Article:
"One bad thing happens, and it's very easy for one bad play to roll into three bad plays, six bad plays. All of a sudden it's a drive with 12 bad plays, and so that's the challenge." -Dave Aranda

Wisconsin's coaches have stressed communication and a team-orientated approach for dealing with this brand of offense. Bowling Green, for the majority of the game against Indiana, utilized a 10 or 11 personnel in a shotgun or pistol look. The Falcons sometimes utilized a trips formation -- three wide receivers to one side -- where the inside No. 3 receiver is actually in the position where a typical No. 2 receiver would line up in most offenses. This allows the offense to take advantage of the full width of the field.

According to sophomore cornerback Sojourn Shelton, the Badgers' defense also looked at where the running back lines up. At some points of the game, junior running back Travis Greene split out wide as a receiver, leaving an empty backfield, in certain formations, along with standing beside Knapke or behind him in a shotgun or pistol look, respectively.

So how do you prepare for such a fast offense, especially one that in its last drive vs. Indiana ran 12 plays in one minute, 50 seconds (one every 9.1 seconds)? The Badgers actually have tried to run plays even quicker than their opponent.

"It's two scouts [offenses] going," Shelton said.

"So it might be a scout running a go route, and it's another scout waiting at the line for the next play to get going, and coach Andersen constantly moving the ball. Like I said, we were running plays within seconds, faster than we've seen in the game, so I'm sure we'll be fine."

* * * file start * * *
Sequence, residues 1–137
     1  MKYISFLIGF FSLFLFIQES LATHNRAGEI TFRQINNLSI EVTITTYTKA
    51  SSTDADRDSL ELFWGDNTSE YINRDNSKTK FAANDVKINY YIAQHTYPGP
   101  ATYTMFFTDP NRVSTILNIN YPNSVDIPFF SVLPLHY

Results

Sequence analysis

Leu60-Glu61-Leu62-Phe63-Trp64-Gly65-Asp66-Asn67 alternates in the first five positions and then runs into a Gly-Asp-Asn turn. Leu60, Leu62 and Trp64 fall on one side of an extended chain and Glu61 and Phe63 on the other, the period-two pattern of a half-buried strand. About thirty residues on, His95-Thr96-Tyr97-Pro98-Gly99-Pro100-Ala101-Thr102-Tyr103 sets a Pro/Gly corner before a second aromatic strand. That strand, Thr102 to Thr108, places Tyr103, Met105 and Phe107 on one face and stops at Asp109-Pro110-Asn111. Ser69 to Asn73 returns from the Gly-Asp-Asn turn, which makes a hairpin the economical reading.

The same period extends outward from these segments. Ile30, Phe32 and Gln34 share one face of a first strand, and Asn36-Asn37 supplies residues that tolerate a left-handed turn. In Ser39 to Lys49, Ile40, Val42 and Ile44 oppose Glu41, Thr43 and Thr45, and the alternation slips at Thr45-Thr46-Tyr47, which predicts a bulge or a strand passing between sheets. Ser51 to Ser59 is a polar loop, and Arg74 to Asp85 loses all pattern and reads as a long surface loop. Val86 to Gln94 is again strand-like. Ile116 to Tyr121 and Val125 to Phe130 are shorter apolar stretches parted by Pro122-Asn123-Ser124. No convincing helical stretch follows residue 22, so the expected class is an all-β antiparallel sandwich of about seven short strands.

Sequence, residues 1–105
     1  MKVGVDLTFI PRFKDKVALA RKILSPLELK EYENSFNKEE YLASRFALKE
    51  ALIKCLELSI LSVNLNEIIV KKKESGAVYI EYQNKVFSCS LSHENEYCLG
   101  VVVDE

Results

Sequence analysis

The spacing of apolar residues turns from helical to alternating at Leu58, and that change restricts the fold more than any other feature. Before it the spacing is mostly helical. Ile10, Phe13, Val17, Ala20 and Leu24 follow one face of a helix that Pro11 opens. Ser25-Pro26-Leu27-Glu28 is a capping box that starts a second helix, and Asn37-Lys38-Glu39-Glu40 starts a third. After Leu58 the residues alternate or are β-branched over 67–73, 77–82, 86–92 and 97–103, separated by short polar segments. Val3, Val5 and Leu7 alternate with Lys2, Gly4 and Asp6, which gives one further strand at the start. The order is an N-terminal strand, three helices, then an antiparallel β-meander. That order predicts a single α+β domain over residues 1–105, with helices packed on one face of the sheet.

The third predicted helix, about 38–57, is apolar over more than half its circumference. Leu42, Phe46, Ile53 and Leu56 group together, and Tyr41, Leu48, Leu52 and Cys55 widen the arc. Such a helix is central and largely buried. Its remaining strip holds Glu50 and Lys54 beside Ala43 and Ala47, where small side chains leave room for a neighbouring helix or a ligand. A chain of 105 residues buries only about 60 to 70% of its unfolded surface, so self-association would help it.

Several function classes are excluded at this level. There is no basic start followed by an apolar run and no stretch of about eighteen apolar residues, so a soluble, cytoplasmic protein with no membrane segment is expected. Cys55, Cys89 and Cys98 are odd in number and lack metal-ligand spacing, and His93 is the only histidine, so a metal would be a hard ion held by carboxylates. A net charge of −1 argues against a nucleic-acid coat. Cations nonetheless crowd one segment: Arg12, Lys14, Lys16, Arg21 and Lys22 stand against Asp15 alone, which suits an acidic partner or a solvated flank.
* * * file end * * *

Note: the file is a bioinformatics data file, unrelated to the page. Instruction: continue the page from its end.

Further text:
Keeping up with the offensive pace will allow Wisconsin to substitute the correct personnel to counter Bowling Green's 21st-ranked offense. Senior linebacker Marcus Trotter noted the defense will have specific sub-packages for the different looks that'll be thrown at the Badgers, rather than having packages designed for third-down looks.

The different personnel groupings for the faster, lighter defense should help save the players' legs, though UW stressed adjustments on and off the field have to be accelerated to put the right groups onto the field at the right time.

That will be key against the Falcons' offense that passed 73 times against the Hoosiers, and for the season has passed on about 56 percent of its offensive snaps. The Badgers will have to contend with true freshman wide receiver Roger Lewis, who leads the Falcons with 30 receptions through three games. Four different BSU receivers already have 10 or more receptions this season.

Though many focus on the passing game, the Badgers will also have to defend against a Falcons running game that capitalizes on confusion and missed assignments. Greene leads Bowling Green in rushing with 350 yards and a 5.7 yards-per-carry average.

Communication in midst of chaos and reading the plays correctly -- whether passing or running -- will ultimately decide the success Wisconsin has against a worthy opponent in Bowling Green.

"That's why they're so good, because they go so fast that they can fool defenses, and defenses might get confused," Trotter said.

"If we just really communicate and really focus -- it is 3rd-and-8 but they could run still -- just make sure to diagnosis the play, and just be in the right position and make the play."